A popular Tiger Swallowtail west of the Mississippi River, the Two-Tailed Swallowtail is blessed with an extra pair of tails at the tip of its hindwings.
Technically one could argue that the Two-Tailed Swallowtail has four tails, but the name counts the number per wing, not in total. Like other Tigers, this species is yellow with black stripes, creating a visual resemblance to the great jungle cat.The thin stripes are longest near the body and get progressively shorter toward the tips of the wings. The hindwings are scalloped and imbued with shades of iridescent blue and burnt orange at the center line. A long and short tail flanks the bottom edge of each hindwing. The Two-Tailed Swallowtail is one of the biggest butterflies found in the western part of the continent.
Caterpillars have yellow faces and are fleshy and green when young. They are wider at the head and neck than at the rear. Small eyespots behind the head are followed by a white and black lined collar of sorts. Tiny light blue/lavender dots ring the segment before the collar with more on the third through sixth segments after the collar. Caterpillars of this species are found eating the leaves of chokcherry, hoptree and ash trees.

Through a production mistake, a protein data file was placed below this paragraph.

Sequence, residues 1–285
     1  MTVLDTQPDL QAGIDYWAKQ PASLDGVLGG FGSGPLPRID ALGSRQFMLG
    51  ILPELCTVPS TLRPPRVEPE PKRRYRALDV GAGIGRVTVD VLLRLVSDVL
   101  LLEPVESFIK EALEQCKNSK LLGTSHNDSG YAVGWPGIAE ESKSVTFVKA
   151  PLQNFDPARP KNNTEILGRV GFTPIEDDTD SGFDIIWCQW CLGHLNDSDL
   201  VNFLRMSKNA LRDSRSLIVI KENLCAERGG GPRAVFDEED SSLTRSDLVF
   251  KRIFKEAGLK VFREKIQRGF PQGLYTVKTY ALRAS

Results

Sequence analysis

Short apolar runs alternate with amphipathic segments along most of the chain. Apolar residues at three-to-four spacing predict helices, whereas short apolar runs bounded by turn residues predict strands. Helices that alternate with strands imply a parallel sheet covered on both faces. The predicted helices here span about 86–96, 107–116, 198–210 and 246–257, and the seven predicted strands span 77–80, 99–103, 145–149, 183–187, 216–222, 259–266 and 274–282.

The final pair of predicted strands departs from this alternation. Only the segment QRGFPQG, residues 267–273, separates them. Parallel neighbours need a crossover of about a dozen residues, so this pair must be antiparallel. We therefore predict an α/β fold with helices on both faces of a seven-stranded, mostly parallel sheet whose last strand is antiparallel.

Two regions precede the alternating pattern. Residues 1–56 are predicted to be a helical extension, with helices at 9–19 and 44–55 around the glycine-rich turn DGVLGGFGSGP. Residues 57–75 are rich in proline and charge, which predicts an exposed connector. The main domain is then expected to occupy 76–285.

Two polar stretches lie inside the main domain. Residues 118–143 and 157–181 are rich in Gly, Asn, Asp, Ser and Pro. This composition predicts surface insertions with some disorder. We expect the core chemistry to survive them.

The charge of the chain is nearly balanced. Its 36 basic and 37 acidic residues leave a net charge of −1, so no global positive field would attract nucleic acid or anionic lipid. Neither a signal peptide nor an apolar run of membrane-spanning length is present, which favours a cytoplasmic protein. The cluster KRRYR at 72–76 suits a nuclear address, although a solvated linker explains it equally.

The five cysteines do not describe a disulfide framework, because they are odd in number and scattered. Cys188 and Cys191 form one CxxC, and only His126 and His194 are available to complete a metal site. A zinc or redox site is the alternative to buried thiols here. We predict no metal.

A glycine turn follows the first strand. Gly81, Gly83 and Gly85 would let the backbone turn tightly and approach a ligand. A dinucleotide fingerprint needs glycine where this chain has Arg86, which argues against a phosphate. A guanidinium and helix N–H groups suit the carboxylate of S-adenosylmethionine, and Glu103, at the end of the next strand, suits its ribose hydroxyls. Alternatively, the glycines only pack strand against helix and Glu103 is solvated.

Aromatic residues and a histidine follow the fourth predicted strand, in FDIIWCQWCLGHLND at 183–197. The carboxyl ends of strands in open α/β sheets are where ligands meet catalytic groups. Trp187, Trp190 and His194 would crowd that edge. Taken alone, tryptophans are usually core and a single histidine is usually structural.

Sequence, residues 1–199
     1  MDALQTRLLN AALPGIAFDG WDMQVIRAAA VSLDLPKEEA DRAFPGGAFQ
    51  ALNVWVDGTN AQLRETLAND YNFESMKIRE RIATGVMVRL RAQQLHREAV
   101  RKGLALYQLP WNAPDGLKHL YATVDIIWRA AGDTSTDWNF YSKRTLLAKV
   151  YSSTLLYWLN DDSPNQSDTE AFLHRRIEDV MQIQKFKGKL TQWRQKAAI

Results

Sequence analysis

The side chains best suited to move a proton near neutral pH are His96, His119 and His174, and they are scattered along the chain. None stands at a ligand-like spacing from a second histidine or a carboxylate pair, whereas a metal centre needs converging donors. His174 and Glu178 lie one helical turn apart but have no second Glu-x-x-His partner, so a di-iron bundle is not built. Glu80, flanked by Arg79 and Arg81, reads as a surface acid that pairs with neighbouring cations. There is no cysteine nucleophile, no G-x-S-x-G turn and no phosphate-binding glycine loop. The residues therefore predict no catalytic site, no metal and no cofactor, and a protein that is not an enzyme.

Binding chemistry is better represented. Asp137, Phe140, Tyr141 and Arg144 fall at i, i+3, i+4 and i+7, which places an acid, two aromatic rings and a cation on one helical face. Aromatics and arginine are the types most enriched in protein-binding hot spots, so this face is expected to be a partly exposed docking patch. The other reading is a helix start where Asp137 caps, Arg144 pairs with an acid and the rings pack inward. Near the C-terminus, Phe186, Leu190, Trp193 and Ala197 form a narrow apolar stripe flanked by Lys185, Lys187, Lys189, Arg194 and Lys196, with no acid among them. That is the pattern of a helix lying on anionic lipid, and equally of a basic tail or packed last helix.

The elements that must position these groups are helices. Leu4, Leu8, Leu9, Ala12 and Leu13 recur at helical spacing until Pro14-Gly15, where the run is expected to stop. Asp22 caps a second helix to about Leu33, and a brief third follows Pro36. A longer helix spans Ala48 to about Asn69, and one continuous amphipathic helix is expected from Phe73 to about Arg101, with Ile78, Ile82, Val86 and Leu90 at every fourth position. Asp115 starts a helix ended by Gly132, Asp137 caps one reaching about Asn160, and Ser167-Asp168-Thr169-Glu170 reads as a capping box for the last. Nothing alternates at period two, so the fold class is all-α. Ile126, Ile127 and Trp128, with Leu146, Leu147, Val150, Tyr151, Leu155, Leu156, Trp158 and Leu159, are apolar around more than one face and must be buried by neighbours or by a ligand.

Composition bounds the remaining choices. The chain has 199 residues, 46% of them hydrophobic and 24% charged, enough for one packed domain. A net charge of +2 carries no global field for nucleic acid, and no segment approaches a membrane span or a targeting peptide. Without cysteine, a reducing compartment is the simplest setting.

Adults are found near water sources like streams and creeks. They drink flower nectar and can be spotted on blossoms as well as in flight. They are active spring through autumn. Look for them in canyons, woodlands and areas with moving water.
Scientific Name: Papilio multicaudata
Butterfly or Moth
Size (Adult; Length): 90mm to 127mm (3.51in to 4.95in)
Note: An insect's reach is not limited by lines drawn on a map and therefore species may appear in areas, regions and/or states beyond those listed above as they are driven by environmental factors (such as climate change), available food supplies and mating patterns. Grayed-out selections indicate that the subject in question has not been reported in that particular territory. U.S. states and Canadian provinces / territories are clickable to their respective bug listings.
Butterfly and Moth Anatomy
Antennae: Butterflies and Moths have a pair of antennae on the head used as sensors.
Head: The head is home to the insect's eyes, antennae, and proboscis.
Thorax: Home to the three pairs of legs as well as vital internal organs.
Abdomen: Contains vital internal organs such as the heart(s) and reproduction facilities.
Forewing: The upper, forward wing pair used for flying.
Hindwing: The lower, rearward wing pair used for flying.
NOTE: Butterflies and Moths are part of the Lepidopteran order as they share many similarities.